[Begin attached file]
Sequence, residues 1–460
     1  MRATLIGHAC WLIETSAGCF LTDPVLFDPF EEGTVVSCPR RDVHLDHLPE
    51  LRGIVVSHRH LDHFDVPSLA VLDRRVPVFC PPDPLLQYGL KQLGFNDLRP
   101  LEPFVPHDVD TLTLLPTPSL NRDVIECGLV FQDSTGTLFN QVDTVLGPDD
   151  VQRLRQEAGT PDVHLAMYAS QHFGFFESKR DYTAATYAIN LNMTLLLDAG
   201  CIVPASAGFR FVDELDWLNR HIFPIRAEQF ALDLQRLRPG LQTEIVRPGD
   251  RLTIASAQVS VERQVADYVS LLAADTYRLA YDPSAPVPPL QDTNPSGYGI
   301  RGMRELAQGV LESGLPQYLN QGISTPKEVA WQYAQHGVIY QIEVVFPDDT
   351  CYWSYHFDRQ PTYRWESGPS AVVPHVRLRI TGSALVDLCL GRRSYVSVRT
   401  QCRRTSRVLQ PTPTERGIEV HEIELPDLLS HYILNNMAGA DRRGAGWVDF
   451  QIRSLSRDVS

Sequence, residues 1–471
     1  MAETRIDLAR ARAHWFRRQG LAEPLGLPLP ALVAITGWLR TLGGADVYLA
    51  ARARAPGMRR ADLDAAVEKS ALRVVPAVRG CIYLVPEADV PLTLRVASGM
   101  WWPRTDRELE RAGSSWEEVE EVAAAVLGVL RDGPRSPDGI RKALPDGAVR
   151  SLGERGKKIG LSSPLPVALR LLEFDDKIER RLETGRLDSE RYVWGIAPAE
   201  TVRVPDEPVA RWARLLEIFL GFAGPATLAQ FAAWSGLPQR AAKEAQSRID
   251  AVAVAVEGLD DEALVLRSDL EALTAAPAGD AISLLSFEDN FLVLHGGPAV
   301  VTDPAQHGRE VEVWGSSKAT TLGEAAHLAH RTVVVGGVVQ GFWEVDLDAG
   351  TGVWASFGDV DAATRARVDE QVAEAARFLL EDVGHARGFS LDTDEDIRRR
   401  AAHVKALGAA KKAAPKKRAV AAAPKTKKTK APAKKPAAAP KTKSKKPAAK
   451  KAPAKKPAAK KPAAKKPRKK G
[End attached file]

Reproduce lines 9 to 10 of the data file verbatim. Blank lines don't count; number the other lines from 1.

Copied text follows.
   351  CYWSYHFDRQ PTYRWESGPS AVVPHVRLRI TGSALVDLCL GRRSYVSVRT
   401  QCRRTSRVLQ PTPTERGIEV HEIELPDLLS HYILNNMAGA DRRGAGWVDF